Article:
Marble Tent

Biinjiya’iing Onji (From inside) by Rebecca Belmore

Constructed out of local materials–marble–and installed next to the most iconic architectural feature of the Athenian cityscape, Rebecca Belmore’s Biinjiya’iing Onji (From inside), was one of the artworks exhibited during Documenta 14 (2017). Belmore hand carved a hyperrealistic tent—in this context, instantly recognisable as a symbol for refugees, since it is often their accommodation on the island hotspots and in mainland camps. As the refugee crisis becomes “a state of perpetual emergency,” the “makeshift retreat” of the tent becomes a shelter in the regime of waiting that characterises displaced lives who have sought international protection in hostile political communities. Yet, as Belmore explains, “[t]he shape of the tent is, for me, reminiscent of the wigwam dwellings that are part of my history as an Indigenous person,” Belmore explains: “Wigwams (wiigiwaam in Anishinaabemowin), traditionally constructed of bentwood of young trees and covered with birch bark, are a rather ingenious solution for building with the materials available at hand,” enabling nomadic people “to make their home wherever necessary.”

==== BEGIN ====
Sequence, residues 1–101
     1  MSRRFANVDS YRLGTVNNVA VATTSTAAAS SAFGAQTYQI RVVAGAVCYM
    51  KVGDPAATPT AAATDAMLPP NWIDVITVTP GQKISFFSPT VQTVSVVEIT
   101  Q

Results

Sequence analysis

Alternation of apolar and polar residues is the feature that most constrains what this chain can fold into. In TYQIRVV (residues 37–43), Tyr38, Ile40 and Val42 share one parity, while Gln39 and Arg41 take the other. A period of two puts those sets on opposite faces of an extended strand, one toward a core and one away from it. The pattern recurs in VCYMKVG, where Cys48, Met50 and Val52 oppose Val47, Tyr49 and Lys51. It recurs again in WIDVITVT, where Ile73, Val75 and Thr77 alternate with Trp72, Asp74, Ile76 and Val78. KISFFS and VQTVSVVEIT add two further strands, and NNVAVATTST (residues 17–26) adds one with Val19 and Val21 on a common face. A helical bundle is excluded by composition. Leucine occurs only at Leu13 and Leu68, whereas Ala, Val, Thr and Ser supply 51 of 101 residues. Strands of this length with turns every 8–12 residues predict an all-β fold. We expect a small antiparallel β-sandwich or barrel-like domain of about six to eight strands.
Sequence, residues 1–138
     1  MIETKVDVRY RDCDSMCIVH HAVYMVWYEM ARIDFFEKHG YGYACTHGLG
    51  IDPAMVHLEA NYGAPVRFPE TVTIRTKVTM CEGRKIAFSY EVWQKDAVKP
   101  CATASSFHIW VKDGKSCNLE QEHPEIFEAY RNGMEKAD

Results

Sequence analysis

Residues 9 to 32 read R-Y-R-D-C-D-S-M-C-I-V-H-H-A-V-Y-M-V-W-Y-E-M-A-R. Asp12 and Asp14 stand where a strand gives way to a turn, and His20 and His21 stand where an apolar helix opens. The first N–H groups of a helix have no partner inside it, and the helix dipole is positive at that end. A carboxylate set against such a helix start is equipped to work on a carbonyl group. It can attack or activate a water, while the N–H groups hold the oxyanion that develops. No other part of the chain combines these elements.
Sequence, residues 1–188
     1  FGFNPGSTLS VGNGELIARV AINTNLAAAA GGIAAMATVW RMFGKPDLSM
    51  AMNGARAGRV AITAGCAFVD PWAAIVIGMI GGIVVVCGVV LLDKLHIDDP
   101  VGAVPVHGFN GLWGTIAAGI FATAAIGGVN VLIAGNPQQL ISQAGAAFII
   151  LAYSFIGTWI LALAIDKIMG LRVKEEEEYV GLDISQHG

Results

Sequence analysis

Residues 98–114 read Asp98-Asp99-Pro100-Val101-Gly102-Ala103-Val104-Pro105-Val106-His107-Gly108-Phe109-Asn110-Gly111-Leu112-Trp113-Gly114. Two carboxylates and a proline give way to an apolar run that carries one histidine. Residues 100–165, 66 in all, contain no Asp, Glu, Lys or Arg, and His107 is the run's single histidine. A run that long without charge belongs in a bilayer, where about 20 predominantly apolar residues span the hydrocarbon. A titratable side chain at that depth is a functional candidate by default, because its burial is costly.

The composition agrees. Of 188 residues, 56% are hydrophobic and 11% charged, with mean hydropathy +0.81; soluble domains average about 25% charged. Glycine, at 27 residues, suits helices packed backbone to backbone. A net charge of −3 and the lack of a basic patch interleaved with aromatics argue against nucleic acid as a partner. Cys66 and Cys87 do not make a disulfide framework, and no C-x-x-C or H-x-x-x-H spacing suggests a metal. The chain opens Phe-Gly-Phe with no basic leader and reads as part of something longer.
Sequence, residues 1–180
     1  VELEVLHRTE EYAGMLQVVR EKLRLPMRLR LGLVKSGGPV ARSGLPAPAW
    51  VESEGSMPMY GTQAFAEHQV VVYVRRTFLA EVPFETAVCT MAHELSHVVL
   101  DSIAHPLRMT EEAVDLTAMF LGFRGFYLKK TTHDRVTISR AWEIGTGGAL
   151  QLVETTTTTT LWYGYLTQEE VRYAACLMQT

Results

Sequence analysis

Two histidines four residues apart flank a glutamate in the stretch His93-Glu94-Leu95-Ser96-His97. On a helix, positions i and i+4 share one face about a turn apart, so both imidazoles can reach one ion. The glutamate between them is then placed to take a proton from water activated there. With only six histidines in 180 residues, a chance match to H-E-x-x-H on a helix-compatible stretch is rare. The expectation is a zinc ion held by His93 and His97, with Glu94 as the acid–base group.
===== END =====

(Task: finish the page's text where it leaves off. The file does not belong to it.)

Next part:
The obvious contrast between the form–a tent–and the material out of which it is constructed–marble–raises questions about how what is meant to offer temporary protection or shelter on the move, becomes physically emplaced, static, and stuck: a permanent condition, as immobile and as heavy as the marble itself. At the Moria hotspot and the camp surrounding it, where such tents are pitched, not for days or weeks, but for months and years, they are a testament to the struggle for survival in adverse conditions of winter weather and political indifference and cynicism.


Myrto Tsilimpounidi



Documenta 14: Rebecca Belmore’s Biinjiya’iing Onji (From inside, 2017) Marble (140 × 200 × 200 cm)

Photos by Scott Benesiinaabandan